On August 7, 2015, President Barack Obama signed in to law the NOTICE Act (“Notice of Observation Treatment and Implication for Care Eligibility”) which requires hospitals to give written notification to Medicare patients 24 hours after receiving observation care, explaining that they have not been admitted to the hospital, the reasons why, and the potential financial implications. The difference between “observation and “admitted” status can have hefty cost implications to seniors during and after the hospital stay.


Seniors who go to a skilled nursing facility (nursing home) after a hospital stay must first have spent three consecutive midnights as an admitted patient in the hospital for Medicare’s more skilled nursing coverage to kick in. Observation days don’t count. Without that coverage, seniors could pay thousands of dollars for the nursing home care their doctor ordered, or else try to recover on their own. Additionally, because observation care is provided on an outpatient basis, observation patients usually also face unexpected Medicare Part B copays for drugs received during hospital care, since they were never actually admitted into the hospital and the drugs therefore are not covered under Part A. The Medicare patients have to pay whatever the hospital charges for any routine drugs the hospital provides that they take at home for chronic conditions such as diabetes or high cholesterol.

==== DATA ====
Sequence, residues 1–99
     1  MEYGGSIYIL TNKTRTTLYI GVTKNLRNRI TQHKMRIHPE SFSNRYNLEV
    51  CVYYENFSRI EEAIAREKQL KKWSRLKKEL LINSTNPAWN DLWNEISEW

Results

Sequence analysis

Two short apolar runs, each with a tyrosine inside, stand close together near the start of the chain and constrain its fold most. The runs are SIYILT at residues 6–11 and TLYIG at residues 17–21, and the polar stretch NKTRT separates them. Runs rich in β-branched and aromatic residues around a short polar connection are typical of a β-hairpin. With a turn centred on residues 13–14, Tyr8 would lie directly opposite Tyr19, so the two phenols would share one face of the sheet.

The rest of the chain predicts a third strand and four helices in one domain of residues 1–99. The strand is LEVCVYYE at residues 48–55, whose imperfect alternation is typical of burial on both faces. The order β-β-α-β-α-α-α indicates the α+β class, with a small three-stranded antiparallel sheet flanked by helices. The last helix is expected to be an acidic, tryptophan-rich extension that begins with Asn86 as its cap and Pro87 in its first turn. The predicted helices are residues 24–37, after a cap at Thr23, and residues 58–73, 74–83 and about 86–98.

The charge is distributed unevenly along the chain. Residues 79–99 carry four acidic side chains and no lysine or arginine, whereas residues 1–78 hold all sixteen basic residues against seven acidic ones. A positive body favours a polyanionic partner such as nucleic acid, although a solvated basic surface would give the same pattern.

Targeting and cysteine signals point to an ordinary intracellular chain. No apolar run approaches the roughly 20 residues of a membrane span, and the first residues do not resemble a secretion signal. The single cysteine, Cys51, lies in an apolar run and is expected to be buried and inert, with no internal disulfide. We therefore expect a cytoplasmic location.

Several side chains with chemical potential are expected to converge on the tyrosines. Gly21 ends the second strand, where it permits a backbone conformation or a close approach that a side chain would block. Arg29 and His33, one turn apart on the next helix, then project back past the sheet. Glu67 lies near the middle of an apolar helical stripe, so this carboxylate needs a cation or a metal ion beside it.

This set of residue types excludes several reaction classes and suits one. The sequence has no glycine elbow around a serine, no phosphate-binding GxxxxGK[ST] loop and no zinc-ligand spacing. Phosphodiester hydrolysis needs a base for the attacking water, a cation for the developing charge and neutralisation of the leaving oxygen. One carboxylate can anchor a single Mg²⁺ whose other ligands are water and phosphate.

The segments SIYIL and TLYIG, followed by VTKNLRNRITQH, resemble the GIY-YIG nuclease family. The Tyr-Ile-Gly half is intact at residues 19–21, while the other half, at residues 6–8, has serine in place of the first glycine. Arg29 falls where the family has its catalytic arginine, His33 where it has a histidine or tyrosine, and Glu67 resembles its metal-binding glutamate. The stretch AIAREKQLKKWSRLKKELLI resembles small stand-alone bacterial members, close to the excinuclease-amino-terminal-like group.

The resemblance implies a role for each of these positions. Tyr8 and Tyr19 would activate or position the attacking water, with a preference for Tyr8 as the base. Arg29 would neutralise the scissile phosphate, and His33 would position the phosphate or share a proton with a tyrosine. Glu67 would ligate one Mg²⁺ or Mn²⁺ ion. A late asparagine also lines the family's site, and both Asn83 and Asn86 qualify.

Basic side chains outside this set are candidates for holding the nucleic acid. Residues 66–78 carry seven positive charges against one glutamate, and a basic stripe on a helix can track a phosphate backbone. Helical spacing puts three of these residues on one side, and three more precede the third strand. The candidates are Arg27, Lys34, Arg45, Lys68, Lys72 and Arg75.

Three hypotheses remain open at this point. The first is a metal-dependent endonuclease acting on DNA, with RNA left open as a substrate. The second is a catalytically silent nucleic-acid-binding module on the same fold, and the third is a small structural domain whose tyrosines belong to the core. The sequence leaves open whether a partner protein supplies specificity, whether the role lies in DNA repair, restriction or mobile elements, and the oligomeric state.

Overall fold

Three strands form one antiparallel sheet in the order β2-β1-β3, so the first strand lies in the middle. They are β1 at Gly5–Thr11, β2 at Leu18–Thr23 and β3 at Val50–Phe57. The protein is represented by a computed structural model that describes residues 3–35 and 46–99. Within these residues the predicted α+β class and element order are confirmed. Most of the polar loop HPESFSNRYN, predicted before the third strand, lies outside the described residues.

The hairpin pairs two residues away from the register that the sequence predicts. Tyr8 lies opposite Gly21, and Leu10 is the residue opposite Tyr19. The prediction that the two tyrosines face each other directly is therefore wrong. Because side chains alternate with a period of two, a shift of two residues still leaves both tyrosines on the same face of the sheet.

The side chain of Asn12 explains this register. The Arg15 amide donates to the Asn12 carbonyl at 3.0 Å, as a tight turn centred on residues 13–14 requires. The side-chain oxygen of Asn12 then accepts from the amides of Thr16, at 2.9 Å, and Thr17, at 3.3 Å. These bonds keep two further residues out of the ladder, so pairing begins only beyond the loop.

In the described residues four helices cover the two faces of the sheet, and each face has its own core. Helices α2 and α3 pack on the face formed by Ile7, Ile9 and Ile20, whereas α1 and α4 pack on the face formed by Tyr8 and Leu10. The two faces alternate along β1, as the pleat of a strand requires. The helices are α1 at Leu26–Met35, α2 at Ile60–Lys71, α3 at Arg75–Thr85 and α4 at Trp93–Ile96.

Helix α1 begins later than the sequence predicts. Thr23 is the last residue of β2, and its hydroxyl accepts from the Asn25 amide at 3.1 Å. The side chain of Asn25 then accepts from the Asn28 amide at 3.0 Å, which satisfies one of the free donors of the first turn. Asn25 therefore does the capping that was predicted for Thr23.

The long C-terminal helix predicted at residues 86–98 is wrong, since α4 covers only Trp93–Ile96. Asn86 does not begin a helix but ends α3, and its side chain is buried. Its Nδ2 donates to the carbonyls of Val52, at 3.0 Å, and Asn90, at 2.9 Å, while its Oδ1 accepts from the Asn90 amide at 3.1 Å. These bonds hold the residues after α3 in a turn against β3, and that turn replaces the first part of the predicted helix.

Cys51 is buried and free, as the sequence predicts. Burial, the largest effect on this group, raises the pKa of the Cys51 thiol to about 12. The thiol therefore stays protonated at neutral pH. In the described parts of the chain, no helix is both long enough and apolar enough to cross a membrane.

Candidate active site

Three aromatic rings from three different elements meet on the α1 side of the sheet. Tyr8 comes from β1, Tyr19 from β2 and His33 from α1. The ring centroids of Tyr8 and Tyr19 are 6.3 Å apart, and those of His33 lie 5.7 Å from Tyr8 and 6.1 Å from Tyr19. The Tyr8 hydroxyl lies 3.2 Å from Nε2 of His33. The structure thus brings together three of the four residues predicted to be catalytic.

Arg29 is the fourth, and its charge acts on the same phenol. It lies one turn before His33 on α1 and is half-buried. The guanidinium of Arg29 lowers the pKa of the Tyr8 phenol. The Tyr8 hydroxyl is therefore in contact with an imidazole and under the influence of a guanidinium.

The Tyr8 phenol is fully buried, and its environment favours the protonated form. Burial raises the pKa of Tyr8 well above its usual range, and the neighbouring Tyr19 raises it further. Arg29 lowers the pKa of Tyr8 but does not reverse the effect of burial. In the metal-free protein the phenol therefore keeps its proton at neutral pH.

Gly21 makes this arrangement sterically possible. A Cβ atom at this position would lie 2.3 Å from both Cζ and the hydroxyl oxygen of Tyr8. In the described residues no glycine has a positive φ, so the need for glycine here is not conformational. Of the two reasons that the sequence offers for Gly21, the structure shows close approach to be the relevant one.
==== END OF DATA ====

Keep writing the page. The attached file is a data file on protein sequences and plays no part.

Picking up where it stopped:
Legal experts remain skeptical the NOTICE Act will actually help address these scenarios, as it gives beneficiaries no formal recourse to change their status once they find out they’re at a hospital on an observational basis. Still, advocates are pleased for this step of notification since, “Medicare beneficiaries need to know what their hospital admission status is and how it affects their out-of-pocket expenses,” said Andrew Scholnick, a senior legislative representative at AARP. Per the NOTICE Act, hospitals will have one year to comply with the law.